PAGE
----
V1 Media: Which types of private investment deals could Proposition 68 attract, and how integral was the private investment element to its passing?
Dubeck: There certainly is a focus on making efficient use of state funds. There was less opposition to the bill in terms of the value of the projects that were in it, but there was some opposition saying that, “There’s a state budget surplus, the state shouldn’t be incurring this debt to pay for these things,” but they’re really important.
Giving priority toward projects that would leverage other funds makes the bill more attractive to voters. It wasn’t explicitly sold that way, but the efficiency of how this money is spent and the ability to leverage other funds is an important way for the state to ensure that money is being spent wisely.
In terms of which kind of projects could potentially involve private investment, I think there are a number of options. Infrastructure projects such as flood-protection facilities are some of the larger infrastructure that we need to build. Also, groundwater investments, recharge facilities and things along those lines serve large communities and require extensive funds.
V1 Media: How are you personally involved in the proposition, who are you representing, and do you have a role going forward?
Dubeck: We weren’t involved in pushing these propositions forward or campaigning on behalf of these propositions, but these issues affect California across the board.
This bill touches on a lot of the ways in which water is used in the state and will continue to be used going forward, including things like sustainability, groundwater quality and management. These are things that affect our clients across the board, in California and elsewhere, to the extent that they have operations in California that need to have access to clean water. Also, flood protection in places like the Central Valley can provide huge gains for businesses and companies operating in California.
V1 Media: You help with privatization of government-owned assets. What does that mean?
Dubeck: We’ve done more of that in terms of transportation and energy assets, compared to water. The LaGuardia central terminal building in New York is one of the early and largest airport sector privatizations to date.
Courthouses and civic centers, for example, are broad, government assets that can benefit from the involvement of private parties, either taking over management of those facilities or taking over some component of those facilities. There also are toll roads and hospitals that have active private-public partnership transactions.
V1 Media: Could you describe the November 2018 privately backed initiative authorizing approximately $8.9 billion of California state funds to fund a variety of water related infrastructure projects? Are you working on this proposal?
Dubeck: We are involved in ongoing client advisory work and helping clients understand what funds are going to be available, and how this can impact their ongoing business. We’re not involved in sponsoring the proposal or in lobbying. We’re helping to prepare our clients and advise them on the ramifications of these bills.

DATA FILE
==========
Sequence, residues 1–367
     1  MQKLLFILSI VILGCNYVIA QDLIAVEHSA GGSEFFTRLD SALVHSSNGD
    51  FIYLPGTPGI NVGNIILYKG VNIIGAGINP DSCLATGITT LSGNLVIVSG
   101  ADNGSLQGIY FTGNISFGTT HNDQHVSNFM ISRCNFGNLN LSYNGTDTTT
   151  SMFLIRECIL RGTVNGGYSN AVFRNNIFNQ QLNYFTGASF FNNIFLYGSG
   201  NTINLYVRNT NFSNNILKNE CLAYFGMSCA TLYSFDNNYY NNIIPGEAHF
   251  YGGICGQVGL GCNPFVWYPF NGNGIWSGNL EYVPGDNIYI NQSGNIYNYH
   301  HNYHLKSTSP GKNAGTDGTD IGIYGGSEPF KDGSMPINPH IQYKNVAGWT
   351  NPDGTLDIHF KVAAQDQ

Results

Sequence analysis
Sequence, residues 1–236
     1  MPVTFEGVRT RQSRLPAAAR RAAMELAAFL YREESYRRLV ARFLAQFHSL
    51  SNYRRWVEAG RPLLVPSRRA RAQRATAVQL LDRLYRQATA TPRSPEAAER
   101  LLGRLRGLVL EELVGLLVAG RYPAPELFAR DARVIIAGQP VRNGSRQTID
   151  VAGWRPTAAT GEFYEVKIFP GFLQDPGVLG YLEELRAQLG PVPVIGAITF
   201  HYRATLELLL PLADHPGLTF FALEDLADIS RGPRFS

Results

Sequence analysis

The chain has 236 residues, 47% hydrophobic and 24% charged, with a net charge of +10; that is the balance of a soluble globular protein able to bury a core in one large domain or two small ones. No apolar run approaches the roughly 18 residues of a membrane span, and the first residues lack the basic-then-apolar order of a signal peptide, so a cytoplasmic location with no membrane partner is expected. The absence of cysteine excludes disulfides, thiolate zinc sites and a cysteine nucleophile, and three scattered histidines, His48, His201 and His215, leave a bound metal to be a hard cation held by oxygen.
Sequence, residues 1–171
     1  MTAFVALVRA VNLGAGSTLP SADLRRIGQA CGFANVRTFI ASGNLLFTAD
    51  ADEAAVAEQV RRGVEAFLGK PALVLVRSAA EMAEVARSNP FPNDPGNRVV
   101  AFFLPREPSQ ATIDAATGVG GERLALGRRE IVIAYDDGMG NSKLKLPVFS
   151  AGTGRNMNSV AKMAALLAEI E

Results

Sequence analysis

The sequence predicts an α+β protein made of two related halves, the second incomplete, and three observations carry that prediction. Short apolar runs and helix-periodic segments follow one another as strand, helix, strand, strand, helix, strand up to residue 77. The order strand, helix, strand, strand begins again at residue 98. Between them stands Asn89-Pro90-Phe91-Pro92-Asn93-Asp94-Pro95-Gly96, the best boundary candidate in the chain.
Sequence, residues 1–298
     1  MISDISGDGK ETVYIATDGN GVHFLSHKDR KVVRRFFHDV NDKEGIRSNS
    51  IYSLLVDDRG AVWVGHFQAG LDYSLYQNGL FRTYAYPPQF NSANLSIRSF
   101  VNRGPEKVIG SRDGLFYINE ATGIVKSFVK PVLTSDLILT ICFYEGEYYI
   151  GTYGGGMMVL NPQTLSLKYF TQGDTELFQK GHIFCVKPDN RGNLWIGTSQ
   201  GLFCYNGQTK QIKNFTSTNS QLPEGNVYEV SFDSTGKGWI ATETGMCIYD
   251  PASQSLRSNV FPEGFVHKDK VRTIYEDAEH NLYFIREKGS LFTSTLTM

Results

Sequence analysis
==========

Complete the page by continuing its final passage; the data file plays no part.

It’s a $9 billion bill that’s entirely water focused, unlike the most-recent bill that passed, which is a parks and water bill—this is entirely water focused and larger in scale. It addresses some of the same projects that the June bill addressed, including another $200 million for Salton Sea projects, but also has unique aspects that include substantial funds for implementation of the Sustainable Groundwater Management Act to allow local and regional governments to manage their groundwater; about $640 million of the funds are allocated for that. There’s another $500 million for public water infrastructure improvements, so, much like the June bill, it has a broad range of different types of projects that are eligible for funding.
This bill, also like the June bill, explicitly gives priority to projects that leverage other funds. So we anticipate there being opportunities for our private clients and investors working in the water space to partner with local regional communities to make use of those funds in terms of supporting a broad range of water-sustainability, water-management and water-conveyance projects.
V1 Media: Is there anything you’ve learned from this experience that you could pass on to our readership?
Dubeck: Looking at these bills, as compared to Proposition 1, which was the last major water infrastructure bill back in 2014, the funds for Proposition 1 were very specifically allocated to funding the public-benefits portions of projects, so there were a lot of hoops to jump through that still are being worked through in making sure the projects fit within the requirements for receiving funding under that bill. The June and November bills are not as narrowly focused on only funding the public-benefits portions of these projects, so there should be a bit more flexibility in which projects are eligible for funds, because there’s such a broad range of different projects that are eligible. A huge variety of opportunities are available for communities as well as engineers and contractors. These projects have significant benefits to the state of California and can be done efficiently and delivered in a relatively quick timeframe. We can sooner start seeing actual infrastructure on the ground.